The following semester we were very lucky to have a course offered called Asian American theatre, which at the time was taught by a PhD candidate who was studying what it means to be Asian American and doing theatre—the history of this in our cultural consciousness. He provided us with this new vocabulary, this new way to communicate with one another and navigate how we were feeling about being an Asian student at an institute like Tisch, which is mostly white [dominant].

It was a really lovely moment of community. So, myself and a couple other students were thinking that it would be great if we could have this all the time, and not just in special circumstances like this class or at the Festival of Voices. That was kind of when we [decided] we should make this club.

What kind of response have you seen from the student community, and how have you worked to build this affinity space across departments and disciplines?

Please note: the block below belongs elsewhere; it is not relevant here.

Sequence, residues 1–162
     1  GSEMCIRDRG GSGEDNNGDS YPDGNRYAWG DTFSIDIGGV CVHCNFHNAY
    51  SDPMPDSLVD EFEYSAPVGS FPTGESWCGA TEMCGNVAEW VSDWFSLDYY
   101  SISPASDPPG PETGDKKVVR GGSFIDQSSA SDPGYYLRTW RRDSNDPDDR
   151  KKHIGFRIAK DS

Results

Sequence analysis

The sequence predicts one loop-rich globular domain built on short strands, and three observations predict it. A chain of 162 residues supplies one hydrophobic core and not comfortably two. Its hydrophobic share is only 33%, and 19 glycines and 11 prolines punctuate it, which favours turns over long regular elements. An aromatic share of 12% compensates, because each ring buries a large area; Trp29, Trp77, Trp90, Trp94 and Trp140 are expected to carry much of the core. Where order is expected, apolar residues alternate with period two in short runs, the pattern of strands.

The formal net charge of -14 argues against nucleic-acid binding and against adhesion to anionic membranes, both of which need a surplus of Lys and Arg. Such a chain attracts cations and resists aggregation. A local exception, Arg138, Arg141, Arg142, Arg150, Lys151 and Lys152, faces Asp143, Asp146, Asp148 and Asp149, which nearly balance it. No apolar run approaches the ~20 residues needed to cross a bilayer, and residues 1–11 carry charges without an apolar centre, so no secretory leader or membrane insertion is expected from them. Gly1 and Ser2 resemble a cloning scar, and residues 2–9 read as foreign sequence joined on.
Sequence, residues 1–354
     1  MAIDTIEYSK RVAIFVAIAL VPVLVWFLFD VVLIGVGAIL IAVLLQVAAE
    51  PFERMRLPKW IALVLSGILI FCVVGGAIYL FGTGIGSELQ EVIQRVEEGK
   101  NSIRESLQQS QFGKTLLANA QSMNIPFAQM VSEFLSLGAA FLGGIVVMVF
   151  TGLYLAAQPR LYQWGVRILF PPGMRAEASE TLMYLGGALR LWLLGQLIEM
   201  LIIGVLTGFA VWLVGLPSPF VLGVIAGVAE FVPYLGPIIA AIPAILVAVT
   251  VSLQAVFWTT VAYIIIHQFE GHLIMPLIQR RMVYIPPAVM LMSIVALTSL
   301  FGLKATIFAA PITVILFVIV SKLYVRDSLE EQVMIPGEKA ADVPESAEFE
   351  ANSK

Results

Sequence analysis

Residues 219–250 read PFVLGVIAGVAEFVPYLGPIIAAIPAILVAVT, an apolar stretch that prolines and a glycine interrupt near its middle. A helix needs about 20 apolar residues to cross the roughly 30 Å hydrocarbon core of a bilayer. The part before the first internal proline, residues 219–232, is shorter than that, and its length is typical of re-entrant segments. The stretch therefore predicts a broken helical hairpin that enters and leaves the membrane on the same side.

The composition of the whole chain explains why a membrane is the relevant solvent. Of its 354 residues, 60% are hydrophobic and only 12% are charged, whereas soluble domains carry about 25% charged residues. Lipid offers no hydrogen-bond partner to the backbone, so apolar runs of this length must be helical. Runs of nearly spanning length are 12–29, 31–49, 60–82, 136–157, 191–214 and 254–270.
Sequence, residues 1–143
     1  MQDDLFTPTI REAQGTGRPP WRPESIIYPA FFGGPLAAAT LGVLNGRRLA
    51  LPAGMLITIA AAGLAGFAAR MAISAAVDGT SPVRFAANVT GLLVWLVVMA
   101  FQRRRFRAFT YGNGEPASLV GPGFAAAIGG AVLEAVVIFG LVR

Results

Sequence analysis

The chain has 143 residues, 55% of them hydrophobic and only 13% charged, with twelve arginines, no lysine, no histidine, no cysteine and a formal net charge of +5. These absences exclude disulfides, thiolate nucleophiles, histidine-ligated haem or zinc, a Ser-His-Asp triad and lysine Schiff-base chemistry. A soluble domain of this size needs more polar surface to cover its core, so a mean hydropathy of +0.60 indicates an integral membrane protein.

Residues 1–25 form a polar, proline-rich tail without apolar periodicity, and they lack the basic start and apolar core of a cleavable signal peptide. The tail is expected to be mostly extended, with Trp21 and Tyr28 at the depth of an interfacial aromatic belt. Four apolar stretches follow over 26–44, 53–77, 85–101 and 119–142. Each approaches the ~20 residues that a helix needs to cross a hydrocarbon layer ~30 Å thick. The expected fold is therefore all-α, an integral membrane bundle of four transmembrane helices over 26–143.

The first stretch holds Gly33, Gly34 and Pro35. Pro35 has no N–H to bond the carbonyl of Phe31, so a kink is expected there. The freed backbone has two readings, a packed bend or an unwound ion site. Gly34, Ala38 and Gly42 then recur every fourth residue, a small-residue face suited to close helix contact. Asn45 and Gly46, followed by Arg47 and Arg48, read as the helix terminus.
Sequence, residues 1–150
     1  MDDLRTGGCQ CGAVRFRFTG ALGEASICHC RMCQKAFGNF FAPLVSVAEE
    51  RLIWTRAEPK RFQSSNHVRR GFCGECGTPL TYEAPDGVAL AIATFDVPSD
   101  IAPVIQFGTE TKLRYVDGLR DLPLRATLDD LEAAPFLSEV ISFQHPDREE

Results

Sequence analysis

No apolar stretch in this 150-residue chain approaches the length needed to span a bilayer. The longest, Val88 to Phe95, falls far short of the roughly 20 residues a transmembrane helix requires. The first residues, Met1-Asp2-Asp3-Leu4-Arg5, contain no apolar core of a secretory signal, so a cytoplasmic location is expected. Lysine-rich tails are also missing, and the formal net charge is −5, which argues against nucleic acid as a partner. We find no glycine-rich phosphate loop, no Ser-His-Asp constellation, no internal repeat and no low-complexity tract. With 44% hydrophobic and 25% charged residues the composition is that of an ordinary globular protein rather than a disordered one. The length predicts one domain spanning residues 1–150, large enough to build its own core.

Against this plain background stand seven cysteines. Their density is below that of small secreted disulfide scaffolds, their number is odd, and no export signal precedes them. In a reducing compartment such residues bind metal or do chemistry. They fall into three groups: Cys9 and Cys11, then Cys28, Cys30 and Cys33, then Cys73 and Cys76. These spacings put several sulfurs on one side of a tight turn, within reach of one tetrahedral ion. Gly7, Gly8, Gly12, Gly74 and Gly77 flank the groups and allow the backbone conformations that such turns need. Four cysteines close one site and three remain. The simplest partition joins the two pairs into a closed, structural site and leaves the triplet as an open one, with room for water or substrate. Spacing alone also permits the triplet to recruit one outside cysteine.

Julie Cai: It’s interesting because we thought there was a natural collaboration that could happen between certain departments—in particular, drama, film and TV, and dramatic writing. And we were also all craving this opportunity to work with other Asian artists in a way that was relevant to our education. We've found that everyone comes to the club with a different goal in mind. Some people are looking to expand their creative network and are looking for a director who can tell a story in a certain way. And then some people are looking for personal connection; they want to meet people who might have similar experiences to them. [Others] are really looking to find a different way to engage with Asian art. One of the challenges is really learning how to serve our community in all those different ways.

We try to develop a variety of programming and we also are very aware of the bias in the Asian American community and where representation really skews towards East Asian. [For example], perhaps we don't have a lot of representation for South Asians, and so we are trying to learn how to provide resources to everybody who identifies as Asian.

What are some of the avenues of support that students can access through A4, and what events are you looking forward to down the road?